A few weeks of keeping the kite in the truck, at the ready for any random kite-friendly location we happened to pass on a gusty day, we finally hit the jackpot.

Parking lots may not be as scenic as farmland, and these breezes may not have been cooled by an endless lake, but we made do.

Up the kite went over pavement and between buildings.  We watched it swoop and fly, and at great peril to the kite let Beep try holding it.

I really enjoyed it, and my husband did too.  As for Beep, she was okay with the kite but after just a few minutes she ignored it and instead started clinging to me.  Standing on the hard ground with the heat radiating up, feeling the weight of my pregnant belly, I wasn't feeling disposed to holding her at that moment so I tried to put her off.

She is nothing if not persistent, though...

"Mama, up!" 

"Okay, Baby.  Jump up here."  I'll hold you, and cast a monstrous baby-belly-slash-toddler-lumpy shadow, and hope the breeze keeps blowing. 

This is your childhood, and I will help you make memories.  They'll be different from mine, and I will someday learn it's okay to trade the manicured lawns of my childhood for the scrubby pastures of yours.  You won't pass dairy barns on your way to school, but you'll look out past the rock fences and over the sprawling vistas.  Here the trees won't change color in the Fall and there will be no crackly, woodsy-smelling piles of leaves to jump in... but you'll have endless wildflowers in the Spring.

We can stand here in this parking lot and watch Daddy make the kite dance against the blue south Texas skies. 

Saturday, June 16, 2012

Along the Lantana

This gorgeous lantana plant was blooming alongside the barn the other day.

A few feet away, as she does nearly every night, Tabor brought her babies by for dinner.

That night she had two babies with her.  Sometimes we see her with one baby, sometimes two, and sometimes... even three.  We believe Tabor has two fawns, and occasionally babysits an extra.  But it is possible she had triplets (fertilemuch?) and has been fooling us all along.

In any event she's proving to be an excellent mother this time around, just as in the past.

I'd like to take a little credit for that, but really I never could give her much help with deer mothering.  Take, for example, this old photo. 

I mean, is it really useful for her to learn to let me kiss her?  Probably not.

Despite my best efforts to corrupt her, she's obviously figured out the whole Deer Thing, though, as her babies are big, strong, and frisky.

It's good to know I can be an utter failure in Deer Maternal Behavior 101 and everything still turns out okay. 

In a related turn of events, Beep is now grunting and beeping deer sounds at her discretion.  So there appears to be some bleedover of deer education.  This skill may make kindergarten interesting, but whatever.  You win some, you lose some.

Monday, June 11, 2012

How To Peel a Crawfish

This is where Cabbage feels right at home...  A big, steaming pile of crawfish, boiled with new potatoes and corn, spiced with Old Bay and just waiting for his attack.  I've never seen anyone peel crawfish as quickly as he can.  It may be partly due to the years he spent going to college in Louisiana, but I think it's more that he has a natural-born talent.  Crawfish peeling is his calling.

Me?  Notsomuch.  I like crawfish, but I don't love them.  Sure, they're tender, buttery, and taste like lobster or good crab.  I like the tactile experience of peeling them, and I enjoy eating them at newspaper-covered tables with a cold beer and lots of friends.  When I say I like them, I do.  Like.  But Cabbage?  He's another story.  He L.O.V.E.S. them.  Can't get enough of the little mudbuds.  So when our local grocery store had a nice fresh batch in, I told him I was up for it.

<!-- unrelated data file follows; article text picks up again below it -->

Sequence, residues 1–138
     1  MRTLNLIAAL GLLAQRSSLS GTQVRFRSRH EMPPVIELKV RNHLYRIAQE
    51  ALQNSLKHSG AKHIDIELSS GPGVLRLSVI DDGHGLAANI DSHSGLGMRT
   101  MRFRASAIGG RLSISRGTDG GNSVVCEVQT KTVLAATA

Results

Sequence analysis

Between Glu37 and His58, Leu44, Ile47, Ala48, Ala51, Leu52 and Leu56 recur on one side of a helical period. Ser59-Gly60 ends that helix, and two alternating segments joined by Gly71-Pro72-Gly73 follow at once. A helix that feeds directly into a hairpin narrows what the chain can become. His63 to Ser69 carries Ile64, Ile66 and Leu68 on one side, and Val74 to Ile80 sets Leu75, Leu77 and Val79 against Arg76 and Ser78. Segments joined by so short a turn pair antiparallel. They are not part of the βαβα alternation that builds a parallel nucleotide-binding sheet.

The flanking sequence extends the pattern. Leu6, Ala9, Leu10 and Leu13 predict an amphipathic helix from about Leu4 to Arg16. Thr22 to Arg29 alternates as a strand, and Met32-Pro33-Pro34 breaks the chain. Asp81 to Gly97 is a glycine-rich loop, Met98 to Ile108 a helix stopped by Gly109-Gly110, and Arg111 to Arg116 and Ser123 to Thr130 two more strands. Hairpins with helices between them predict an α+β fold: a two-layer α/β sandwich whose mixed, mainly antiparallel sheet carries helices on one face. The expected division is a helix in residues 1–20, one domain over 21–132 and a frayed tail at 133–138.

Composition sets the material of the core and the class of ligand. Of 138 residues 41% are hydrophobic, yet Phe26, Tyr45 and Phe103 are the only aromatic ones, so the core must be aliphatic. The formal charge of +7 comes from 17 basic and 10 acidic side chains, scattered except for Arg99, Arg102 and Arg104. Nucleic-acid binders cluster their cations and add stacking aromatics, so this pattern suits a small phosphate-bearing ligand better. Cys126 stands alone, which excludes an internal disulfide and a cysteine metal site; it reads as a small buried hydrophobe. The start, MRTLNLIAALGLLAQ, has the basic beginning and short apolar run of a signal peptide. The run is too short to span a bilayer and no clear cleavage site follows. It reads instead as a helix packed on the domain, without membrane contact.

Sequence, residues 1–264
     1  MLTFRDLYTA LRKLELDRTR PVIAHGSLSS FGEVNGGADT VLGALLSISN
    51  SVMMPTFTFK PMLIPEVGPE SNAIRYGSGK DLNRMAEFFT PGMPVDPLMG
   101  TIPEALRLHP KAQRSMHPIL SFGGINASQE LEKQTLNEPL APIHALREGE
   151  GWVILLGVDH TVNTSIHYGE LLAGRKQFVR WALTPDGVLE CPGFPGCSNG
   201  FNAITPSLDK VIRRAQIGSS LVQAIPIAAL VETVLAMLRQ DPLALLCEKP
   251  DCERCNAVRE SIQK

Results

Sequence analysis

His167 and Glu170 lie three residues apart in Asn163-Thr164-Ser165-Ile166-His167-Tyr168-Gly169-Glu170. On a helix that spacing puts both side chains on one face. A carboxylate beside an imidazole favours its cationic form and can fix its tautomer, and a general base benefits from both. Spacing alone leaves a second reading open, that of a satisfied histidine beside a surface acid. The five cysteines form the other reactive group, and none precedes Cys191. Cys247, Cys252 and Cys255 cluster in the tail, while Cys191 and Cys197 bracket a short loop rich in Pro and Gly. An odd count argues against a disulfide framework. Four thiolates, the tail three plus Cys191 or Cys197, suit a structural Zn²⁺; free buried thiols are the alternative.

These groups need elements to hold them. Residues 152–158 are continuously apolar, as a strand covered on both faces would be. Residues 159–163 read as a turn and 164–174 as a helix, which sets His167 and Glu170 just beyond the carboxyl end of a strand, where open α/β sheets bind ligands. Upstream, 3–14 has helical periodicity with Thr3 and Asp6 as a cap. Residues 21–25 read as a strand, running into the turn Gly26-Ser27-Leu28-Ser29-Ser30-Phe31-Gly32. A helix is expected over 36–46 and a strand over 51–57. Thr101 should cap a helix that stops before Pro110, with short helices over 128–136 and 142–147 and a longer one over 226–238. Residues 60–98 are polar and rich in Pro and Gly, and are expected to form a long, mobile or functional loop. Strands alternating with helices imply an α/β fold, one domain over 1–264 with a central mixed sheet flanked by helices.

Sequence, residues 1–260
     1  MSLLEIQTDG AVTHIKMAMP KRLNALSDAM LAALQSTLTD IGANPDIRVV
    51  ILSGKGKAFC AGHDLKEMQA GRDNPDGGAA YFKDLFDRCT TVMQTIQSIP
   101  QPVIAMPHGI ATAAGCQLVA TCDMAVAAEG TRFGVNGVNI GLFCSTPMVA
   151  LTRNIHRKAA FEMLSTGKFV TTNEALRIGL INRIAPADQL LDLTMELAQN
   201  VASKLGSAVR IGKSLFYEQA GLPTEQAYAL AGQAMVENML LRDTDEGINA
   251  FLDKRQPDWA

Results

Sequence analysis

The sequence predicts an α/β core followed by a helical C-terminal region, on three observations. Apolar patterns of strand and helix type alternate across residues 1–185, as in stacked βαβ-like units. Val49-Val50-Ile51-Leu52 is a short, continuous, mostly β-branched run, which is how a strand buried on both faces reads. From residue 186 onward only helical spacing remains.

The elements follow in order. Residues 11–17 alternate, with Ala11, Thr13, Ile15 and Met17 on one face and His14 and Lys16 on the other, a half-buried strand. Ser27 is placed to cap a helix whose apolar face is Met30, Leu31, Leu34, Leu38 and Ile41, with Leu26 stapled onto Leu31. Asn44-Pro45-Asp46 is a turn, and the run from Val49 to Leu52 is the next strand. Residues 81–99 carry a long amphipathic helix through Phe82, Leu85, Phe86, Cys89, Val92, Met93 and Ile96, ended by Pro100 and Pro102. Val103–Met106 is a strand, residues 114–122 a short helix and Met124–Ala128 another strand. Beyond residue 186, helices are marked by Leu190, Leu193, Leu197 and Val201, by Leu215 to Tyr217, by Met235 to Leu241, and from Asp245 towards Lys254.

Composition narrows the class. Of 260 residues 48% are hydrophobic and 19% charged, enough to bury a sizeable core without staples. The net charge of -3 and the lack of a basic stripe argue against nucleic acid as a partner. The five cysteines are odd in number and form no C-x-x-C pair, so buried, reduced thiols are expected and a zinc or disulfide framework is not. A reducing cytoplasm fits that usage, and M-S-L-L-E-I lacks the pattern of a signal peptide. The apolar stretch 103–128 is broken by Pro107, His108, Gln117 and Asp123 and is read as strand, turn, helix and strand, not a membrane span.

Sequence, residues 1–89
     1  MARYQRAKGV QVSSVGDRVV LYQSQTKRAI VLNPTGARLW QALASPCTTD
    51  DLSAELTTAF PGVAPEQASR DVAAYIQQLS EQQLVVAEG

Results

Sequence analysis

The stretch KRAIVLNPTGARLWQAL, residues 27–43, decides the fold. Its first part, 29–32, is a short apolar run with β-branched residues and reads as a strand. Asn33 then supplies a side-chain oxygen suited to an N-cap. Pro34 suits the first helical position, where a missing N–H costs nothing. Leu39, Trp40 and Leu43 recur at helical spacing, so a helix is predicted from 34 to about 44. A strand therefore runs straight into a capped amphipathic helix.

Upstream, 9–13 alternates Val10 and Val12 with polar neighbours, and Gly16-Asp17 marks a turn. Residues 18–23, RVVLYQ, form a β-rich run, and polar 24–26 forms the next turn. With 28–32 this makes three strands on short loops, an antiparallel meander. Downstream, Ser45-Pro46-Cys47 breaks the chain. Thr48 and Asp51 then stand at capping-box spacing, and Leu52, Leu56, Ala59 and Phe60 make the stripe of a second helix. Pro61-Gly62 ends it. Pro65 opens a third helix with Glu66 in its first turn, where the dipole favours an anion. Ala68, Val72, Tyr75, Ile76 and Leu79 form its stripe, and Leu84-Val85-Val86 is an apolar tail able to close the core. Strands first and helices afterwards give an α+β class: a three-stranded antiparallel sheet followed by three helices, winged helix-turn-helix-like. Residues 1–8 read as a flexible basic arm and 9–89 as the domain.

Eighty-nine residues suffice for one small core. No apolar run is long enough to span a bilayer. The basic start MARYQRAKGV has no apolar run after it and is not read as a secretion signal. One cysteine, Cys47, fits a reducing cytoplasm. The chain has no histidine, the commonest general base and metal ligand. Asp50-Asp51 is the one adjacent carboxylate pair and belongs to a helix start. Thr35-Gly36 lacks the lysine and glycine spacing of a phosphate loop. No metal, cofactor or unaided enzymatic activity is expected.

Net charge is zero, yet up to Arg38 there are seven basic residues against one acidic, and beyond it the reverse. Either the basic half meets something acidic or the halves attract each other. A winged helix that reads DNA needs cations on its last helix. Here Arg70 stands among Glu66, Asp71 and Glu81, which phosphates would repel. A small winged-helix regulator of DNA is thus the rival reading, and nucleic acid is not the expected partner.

Turns out I was, but Bean (my belly passenger) wasn't.  I occasionally have shellfish aversions when pregnant, and this was one of those days.  So I opted out of shellfish and into some leftover spaghetti. 

After watching Cabbage go all Tasmanian devil on the little crustaceans (a sight which is not for the faint of heart), it dawned on me that he should pass on his knowledge.

Enlighten the world.

And distract me from the gestationally-induced squeamishness leading me to question if I could stay in the same room with the crawfish one. more. minute.

My semi-pro shellfish sheller husband put it in slow-mo to give the rest of us (me) a tutorial on peeling crawfish.

Allow me to introduce our model.  He's just been cooked to a reddish orange and he's ready to be eaten.  See how he's whole, and the tail curled is under?  That's good.  Don't eat crawfish that come out of the pot in pieces, and don't eat ones with straight tails as they may not be fresh. 

Pick up your crawfish (you can do it), and grasp the body in your left hand, tail in your right.  The tail meat is your primary target.

With a pulling and slight twisting motion, pull the tail off the body.

You have about three options with the body in your left hand:
1. Suck the juices and orange fat out.  Foodies love this- it's where the intense flavor is.
2. Crack the claws open like you would a crab and eat the yummy meat there.  These were too small to bother with, but with larger crawfish it's definitely time well spent.
3. Throw it away.

To peel the tail, grasp the end between your right thumb and forefinger, and using your left hand lift the orange tail shell back one section at a time, just like you're peeling an orange.

After a section or two, gently pull the meat out with your left hand while the right still holds on at the base of the shell.  The trick is to kind of anchor the shell with the tip of your thumb, while the left hand pulls.  Sometimes you'll just get part of the tail out, but with a little practice the whole tail should come free in one nice piece.

Eat that luscious little piece of sweet meat!  Dunk it in butter, drizzle it with lemon, or just enjoy it as-is.  Delicious. 

Soon you'll be a semi-pro like Cabbage, and you'll have a pile of discarded shells in a huge glass mixing bowl next to your plate.  This what he ate by himself at warp speed.  See the beer can peeking out from the back?  That'll give you a sense of scale.

...And then he went back for seconds and thirds.  I wish I was kidding, but I'm not.  He's a freak of nature. 

I hope you try out your brushed-up technique soon.  Enjoy!